The other day, another autism page that I follow, wrote a post about their kiddo’s upcoming play date. She was nervous because her son had not had many of them and she asked, “How do your ASD kids do on a play date? Where do you like to have play dates?” And I thought to myself, “Debbie doesn’t have play dates. Nobody has ever asked her for one and I am actually hesitant doing it on my own.” Sure, when Deb was younger she was invited to birthday parties. But those were the days of preschool when you invited the entire class to come. And in those days she would lose her mind over singing “Happy Birthday” and the clapping that followed and she was unable to join in the games because she didn’t know and understand how to participate. As she grew older, we had birthday parties for her and we would invite several kids from her class at school. But, those parties that Debbie was invited to, became fewer and farther between, and eventually, because it was sensory overload for her, we stopped having them. Don’t get me wrong. We celebrate Debbie, just in a way that is better for her! Now, she is invited to one friend’s birthday party every year, not because this little girl has to, but because she truly wants Debbie there!! And, Debbie has done better and better each year so it’s totally worth it. But play dates? Well, they just don’t happen.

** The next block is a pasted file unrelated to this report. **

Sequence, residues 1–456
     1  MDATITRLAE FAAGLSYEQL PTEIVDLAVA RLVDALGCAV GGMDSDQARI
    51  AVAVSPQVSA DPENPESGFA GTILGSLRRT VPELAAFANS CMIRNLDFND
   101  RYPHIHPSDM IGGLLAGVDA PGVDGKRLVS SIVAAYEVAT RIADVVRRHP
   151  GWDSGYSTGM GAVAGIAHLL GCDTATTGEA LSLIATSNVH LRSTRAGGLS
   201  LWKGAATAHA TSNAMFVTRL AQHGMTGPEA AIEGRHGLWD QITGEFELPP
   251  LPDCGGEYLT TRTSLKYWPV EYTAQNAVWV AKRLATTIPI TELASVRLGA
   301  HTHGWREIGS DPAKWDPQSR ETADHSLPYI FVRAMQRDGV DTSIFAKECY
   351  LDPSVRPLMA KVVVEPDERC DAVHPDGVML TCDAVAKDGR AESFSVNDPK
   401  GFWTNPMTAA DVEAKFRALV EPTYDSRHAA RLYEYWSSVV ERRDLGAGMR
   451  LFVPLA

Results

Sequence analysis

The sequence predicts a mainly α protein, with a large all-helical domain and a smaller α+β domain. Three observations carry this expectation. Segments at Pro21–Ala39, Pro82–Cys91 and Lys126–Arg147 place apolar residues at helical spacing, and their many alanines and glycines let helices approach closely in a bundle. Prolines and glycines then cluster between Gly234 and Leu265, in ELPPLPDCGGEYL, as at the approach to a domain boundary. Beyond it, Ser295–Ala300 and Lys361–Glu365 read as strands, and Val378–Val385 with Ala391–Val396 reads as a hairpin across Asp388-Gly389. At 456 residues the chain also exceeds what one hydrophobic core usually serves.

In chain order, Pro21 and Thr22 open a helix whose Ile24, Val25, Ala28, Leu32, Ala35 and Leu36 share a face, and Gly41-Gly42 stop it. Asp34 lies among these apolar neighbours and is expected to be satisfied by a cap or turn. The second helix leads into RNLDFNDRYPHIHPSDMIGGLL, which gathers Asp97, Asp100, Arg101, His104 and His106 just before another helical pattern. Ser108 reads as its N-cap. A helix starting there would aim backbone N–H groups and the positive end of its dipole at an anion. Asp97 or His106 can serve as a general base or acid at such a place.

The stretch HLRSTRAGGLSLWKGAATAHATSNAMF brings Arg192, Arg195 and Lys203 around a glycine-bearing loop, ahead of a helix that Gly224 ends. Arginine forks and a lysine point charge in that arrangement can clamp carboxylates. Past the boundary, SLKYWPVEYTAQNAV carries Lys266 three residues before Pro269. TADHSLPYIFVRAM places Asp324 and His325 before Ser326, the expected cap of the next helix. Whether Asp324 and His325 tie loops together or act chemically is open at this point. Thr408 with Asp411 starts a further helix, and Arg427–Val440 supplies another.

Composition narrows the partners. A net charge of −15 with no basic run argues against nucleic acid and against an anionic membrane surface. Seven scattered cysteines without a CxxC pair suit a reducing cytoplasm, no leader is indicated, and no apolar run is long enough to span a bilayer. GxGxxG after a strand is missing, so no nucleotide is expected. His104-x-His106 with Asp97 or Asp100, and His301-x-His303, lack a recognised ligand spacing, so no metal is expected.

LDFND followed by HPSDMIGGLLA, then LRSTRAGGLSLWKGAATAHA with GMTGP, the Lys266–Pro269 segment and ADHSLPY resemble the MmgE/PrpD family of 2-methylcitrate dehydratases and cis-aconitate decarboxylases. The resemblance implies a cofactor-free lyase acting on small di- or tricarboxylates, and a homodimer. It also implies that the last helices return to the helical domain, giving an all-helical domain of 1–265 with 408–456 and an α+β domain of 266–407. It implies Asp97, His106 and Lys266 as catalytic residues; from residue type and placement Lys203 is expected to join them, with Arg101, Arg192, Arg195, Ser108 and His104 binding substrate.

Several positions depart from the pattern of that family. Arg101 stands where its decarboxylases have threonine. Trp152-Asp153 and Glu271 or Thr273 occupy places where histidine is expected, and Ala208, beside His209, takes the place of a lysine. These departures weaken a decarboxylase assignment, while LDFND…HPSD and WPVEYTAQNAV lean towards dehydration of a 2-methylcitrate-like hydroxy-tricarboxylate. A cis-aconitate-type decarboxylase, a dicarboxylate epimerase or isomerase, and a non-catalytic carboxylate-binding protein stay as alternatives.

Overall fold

Debbie goes to her neighborhood school. The kids love her. They are excited when she participates with them. They take care of her. They help her. They mother her. But, they don’t play with her and she doesn’t play with them. She doesn’t understand how. There’s a language gap and, because of the language gap, Debbie’s social skills are light years behind theirs. So what am I, as her warrior momma, to do?
We wrote social skills goals into Debbie’s IEP. Trying to work on them at recess or with another kid in the motor room has not been working. Debbie needs explicit social and life skill instruction. Does it suck? Yup! Is it necessary? Absolutely! Is it another step towards independence? Of course! Is this the ultimate goal? For sure!
You know, I took Debbie grocery shopping today. It has been awhile since we’ve gone together. For a long time I was spending as much time chasing her as I was shopping. So I stopped taking her. But today I wanted her to get out of the house. I wanted her to be a part of the community and she was. We weighed items together. We counted and added yogurt. She put twisties on plastic bags. We ran into cousins and spoke to them for a short time. She bagged applesauce packs for me! Debbie was motivated and engaged during the entire trip. It was an amazing learning opportunity for both of us. She was learning the basics of grocery shopping and I was learning how to help her become more social and independent. My eyes were opened and I was enlightened.
If being on the certificate track means she will gain the necessary social and life skills to become an independent adult, then I accept the challenge. She may not have play dates now but my gut tells me in the next few years it will become likely that she will. And, before I know it, she will be grocery shopping on her own! xoxo ~ Julie